Emergency: East Africa & the Horn
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Caritas delivers relief and recovery from hunger in East Africa & the Horn
Ethiopia, Eritrea, Kenya and Somalia have endured some especially hard years. The poorest people have been hit repeatedly by extremes of climate with drought pushing them to the verge of starvation.
Hard-working Caritas national members in East Africa and the Horn have been generously supported by the Caritas Internationalis confederation and are running relief and recovery programmes.
Food and medical care is provided and water sources dug or rehabilitated. Concrete walled wells have been built to provide water storage for the driest times. Villagers have been trained in alternative livelihoods like poultry raising to make them less dependent on pastureland. Herders have been encouraged to swop their cows for camels in a successful drought adaptation programme.
Families are given replacement drought-resistant seeds if they have been forced by extreme hunger to eat their planting stocks. They also have been given animals to revive their herds. Caritas strives to get people back on their feet so they can reach their full potential.
Caritas Updates from East Africa & The Horn
Caritas confederation member organisations funded a project aimed to improve sanitation and hygiene in Kambioos camp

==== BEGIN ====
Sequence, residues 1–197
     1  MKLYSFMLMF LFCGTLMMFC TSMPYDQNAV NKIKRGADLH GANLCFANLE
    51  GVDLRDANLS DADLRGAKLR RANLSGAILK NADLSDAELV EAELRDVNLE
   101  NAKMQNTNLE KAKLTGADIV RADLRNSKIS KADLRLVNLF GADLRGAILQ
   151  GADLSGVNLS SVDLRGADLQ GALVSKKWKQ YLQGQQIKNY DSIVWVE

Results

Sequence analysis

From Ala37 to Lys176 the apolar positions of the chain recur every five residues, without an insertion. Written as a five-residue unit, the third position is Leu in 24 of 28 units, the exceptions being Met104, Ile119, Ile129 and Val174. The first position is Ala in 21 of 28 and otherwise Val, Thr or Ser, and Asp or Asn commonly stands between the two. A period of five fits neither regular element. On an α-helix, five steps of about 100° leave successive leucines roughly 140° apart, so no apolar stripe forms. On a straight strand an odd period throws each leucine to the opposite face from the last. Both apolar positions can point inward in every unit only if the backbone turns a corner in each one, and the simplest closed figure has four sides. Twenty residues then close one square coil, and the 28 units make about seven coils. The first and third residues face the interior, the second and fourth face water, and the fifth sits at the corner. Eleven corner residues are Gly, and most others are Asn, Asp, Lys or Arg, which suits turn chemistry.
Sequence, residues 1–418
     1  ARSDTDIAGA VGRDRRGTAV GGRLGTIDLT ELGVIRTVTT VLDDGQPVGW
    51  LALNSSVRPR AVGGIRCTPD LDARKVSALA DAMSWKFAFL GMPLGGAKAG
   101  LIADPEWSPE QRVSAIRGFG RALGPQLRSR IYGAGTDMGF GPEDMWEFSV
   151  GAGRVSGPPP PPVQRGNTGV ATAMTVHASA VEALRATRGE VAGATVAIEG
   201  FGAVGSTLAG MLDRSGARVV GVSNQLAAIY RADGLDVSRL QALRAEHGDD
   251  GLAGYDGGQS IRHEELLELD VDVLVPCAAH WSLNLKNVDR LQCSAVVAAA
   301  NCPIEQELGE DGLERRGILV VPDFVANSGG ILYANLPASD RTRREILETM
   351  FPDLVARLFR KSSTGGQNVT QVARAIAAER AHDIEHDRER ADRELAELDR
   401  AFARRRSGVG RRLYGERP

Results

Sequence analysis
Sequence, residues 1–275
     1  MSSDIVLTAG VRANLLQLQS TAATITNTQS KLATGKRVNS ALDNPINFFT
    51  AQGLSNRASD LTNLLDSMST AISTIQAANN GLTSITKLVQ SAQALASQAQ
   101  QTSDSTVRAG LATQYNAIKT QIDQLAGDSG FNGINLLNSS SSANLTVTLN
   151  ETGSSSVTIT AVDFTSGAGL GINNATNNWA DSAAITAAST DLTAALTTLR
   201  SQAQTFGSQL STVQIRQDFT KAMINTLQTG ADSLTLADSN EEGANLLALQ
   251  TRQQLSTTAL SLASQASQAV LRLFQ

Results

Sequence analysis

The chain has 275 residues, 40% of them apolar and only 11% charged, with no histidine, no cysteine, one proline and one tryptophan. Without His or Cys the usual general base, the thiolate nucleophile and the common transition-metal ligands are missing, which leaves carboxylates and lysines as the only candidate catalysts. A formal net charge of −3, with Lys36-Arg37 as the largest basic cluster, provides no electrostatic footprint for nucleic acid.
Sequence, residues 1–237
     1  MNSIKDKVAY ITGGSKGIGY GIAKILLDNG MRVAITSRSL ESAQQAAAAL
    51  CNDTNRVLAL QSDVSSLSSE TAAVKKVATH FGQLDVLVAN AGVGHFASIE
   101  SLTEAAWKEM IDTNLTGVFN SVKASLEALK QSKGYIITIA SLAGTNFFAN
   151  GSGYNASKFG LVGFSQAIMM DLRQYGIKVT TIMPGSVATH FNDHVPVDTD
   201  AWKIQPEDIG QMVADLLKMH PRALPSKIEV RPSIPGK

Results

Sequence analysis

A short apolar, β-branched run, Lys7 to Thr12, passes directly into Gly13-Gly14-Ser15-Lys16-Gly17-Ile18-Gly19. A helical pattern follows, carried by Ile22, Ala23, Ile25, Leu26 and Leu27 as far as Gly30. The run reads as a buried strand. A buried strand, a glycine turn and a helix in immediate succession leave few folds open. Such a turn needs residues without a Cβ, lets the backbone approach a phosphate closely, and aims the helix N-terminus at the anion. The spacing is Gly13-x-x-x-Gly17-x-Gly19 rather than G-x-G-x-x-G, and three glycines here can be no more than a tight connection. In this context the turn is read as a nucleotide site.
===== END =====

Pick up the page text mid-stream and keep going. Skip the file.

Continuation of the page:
Caritas Internationalis has launched two appeals for Somali refugees living near Dadaab in Kenya since 2011. In Kambioos, Caritas works through its American member CRS to provide training on hygiene and better sanitation.
In Ethiopia, failure of successive rainy seasons brought about massive crop failure, the death of livestock and critical food and water shortages affecting 4.5 million people in eastern, southern and northern parts of the country. Caritas launched an appeal for €1.4 million to help some 65,000 people with food, water and the recovery of livelihoods.
In a refugee camp in northern Kenya, someone is teaching people how to wash their hands properly. The demonstrator lathers the soap, pours water, and rubs her hands together in a circular motion.
In southern Kenya, wide riverbeds turned sandy and brown. Women used gourd shells to dig further and further down in the riverbeds, hoping to capture a few scoops of water.
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